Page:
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performance

CppCon 2016: AAAARGH!? Adopting Almost Always Auto Reinforces Good Habits!?—Andy Bond

Have you registered for CppCon 2017 in September? Don’t delay – Registration is open now.

While we wait for this year’s event, we’re featuring videos of some of the 100+ talks from CppCon 2016 for you to enjoy. Here is today’s feature:

AAAARGH!? Adopting Almost Always Auto Reinforces Good Habits!?

by Andy Bond

(watch on YouTube) (watch on Channel 9)

Summary of the talk:

Prominent members of the C++ community are advocating the "almost-always-auto" idiom, but there are understandable concerns from many about its implications. This case study will demonstrate how it may be applied in different situations, suggest ways to avoid performance penalties, introduce algorithms to minimize the "almost" part, and discuss the overall impact.

CppCon 2016: The strange details of std::string at Facebook—Nicholas Ormrod

Have you registered for CppCon 2017 in September? Don’t delay – Registration is open now.

While we wait for this year’s event, we’re featuring videos of some of the 100+ talks from CppCon 2016 for you to enjoy. Here is today’s feature:

The strange details of std::string at Facebook

by Nicholas Ormrod

(watch on YouTube) (watch on Channel 9)

Summary of the talk:

Standard strings are slowing you down. Strings are everywhere. Changing the performance of std::string has a measurable impact on the speed of real-world C++ programs. But how can you make strings better? In this talk, we'll explore how Facebook optimizes strings, especially with our open-source std::string replacement, fbstring. We'll dive into implementation tradeoffs, especially the storage of data in the struct; examine which standard rules can and cannot be flouted, such as copy-on-write semantics; and share some of the things we've learned along the way, like how hard it is to abolish the null-terminator. War stories will be provided.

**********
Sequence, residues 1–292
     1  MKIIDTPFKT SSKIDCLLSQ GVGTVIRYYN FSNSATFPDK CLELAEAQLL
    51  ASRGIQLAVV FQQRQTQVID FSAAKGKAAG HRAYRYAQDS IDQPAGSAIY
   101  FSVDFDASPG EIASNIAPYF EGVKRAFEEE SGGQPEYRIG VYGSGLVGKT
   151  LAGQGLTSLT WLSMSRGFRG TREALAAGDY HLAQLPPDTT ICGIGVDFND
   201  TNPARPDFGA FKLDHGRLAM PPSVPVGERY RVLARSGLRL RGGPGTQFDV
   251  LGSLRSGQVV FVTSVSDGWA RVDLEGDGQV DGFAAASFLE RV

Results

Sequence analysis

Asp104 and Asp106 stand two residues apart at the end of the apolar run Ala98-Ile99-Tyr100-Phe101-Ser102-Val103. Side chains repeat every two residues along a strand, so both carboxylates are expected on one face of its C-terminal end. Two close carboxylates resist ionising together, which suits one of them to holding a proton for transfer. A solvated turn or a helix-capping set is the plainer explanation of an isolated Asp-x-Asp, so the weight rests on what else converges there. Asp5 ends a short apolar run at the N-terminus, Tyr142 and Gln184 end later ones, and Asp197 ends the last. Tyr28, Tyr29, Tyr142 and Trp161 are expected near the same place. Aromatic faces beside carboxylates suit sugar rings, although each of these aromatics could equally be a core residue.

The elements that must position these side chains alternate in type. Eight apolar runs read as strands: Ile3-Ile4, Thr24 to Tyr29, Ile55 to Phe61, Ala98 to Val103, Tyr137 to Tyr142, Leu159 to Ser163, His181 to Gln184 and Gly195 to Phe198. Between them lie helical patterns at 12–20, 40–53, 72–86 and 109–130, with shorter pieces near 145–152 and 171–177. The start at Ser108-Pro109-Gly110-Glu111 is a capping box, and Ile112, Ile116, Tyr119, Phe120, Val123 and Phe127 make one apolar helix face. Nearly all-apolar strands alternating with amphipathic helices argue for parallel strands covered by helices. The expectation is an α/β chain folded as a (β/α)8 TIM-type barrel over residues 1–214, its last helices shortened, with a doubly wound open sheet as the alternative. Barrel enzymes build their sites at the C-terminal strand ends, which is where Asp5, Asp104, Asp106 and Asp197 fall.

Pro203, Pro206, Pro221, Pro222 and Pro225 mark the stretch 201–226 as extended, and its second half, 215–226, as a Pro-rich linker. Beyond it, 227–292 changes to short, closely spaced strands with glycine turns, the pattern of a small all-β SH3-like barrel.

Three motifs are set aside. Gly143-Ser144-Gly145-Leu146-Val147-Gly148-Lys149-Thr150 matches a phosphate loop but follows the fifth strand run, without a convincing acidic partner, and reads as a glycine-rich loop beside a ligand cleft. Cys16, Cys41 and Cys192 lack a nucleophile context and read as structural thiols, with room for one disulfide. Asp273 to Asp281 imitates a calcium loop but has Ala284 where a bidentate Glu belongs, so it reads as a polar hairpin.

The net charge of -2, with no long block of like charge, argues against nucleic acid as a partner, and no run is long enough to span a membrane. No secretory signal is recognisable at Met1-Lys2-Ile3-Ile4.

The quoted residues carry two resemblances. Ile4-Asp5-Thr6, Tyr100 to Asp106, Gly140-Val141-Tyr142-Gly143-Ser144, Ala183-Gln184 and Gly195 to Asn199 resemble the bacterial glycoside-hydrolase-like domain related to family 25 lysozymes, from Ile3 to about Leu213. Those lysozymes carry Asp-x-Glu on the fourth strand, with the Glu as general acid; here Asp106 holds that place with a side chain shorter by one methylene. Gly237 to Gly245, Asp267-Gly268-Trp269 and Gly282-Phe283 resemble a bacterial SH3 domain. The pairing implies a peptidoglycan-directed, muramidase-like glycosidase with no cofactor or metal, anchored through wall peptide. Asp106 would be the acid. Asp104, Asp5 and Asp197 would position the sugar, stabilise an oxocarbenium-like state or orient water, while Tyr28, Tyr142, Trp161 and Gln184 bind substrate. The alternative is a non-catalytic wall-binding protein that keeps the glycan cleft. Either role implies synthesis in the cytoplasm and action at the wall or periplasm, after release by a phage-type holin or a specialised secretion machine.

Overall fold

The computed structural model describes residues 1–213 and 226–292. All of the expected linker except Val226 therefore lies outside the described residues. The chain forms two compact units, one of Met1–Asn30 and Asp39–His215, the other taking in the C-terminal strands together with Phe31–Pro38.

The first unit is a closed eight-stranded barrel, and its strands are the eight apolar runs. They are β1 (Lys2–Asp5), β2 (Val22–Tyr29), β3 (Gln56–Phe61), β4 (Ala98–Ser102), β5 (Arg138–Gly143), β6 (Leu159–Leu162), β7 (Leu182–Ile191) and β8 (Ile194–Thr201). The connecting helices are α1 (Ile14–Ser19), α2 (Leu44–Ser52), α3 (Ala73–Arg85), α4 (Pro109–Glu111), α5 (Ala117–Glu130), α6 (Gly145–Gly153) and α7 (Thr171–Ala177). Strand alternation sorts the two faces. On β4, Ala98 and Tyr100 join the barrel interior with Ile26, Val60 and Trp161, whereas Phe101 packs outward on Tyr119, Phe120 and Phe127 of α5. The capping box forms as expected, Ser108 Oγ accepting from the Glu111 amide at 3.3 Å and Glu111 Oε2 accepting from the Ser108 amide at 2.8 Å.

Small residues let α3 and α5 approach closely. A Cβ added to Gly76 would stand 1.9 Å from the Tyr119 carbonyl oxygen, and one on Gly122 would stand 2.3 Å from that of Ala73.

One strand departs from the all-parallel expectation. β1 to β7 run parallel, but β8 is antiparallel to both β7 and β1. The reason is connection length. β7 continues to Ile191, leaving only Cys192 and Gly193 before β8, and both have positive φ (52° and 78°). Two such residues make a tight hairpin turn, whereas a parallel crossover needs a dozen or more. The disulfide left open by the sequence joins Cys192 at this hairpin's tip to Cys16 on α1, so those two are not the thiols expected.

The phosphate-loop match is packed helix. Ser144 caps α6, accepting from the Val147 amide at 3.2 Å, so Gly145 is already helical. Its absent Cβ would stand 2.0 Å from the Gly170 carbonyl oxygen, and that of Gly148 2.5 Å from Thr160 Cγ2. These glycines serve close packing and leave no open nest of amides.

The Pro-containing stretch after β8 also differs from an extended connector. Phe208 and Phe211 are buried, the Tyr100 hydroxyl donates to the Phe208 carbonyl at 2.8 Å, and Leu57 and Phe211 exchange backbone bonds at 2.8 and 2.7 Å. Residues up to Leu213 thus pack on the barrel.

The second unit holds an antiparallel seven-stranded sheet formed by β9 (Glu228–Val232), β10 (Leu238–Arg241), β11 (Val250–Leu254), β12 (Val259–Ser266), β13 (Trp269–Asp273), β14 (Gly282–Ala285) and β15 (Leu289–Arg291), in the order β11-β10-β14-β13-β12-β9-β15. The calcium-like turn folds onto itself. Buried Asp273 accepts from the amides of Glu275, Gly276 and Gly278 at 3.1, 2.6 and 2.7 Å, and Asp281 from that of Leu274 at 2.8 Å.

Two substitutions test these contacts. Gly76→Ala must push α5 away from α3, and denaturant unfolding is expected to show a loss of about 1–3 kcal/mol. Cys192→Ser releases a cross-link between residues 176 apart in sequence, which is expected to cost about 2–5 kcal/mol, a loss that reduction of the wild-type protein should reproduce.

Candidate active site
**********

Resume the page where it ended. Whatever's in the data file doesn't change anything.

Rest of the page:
CppCon 2016: Bringing Clang and C++ to GPUs: An Open-Source, CUDA-Compatible GPU C++ Compiler—Lebar

Have you registered for CppCon 2017 in September? Don’t delay – Registration is open now.

While we wait for this year’s event, we’re featuring videos of some of the 100+ talks from CppCon 2016 for you to enjoy. Here is today’s feature:

Bringing Clang and C++ to GPUs: An Open-Source, CUDA-Compatible GPU C++ Compiler

by Justin Lebar

(watch on YouTube) (watch on Channel 9)

Summary of the talk:

GPU computing has gone mainstream. It is a dominant part of the performance landscape, providing the initial 10x performance lift to a wide variety of applications. However, programing for GPUs can be extremely challenging. C++ is rarely available in an unmodified form, and there are few portable and open source approaches available. One of the most popular platforms, CUDA, has no production quality open source implementation. As a consequence, its C++ support has lagged behind and it has been a less appealing area for researchers and others that weren’t comfortable relying on NVIDIA’s tooling.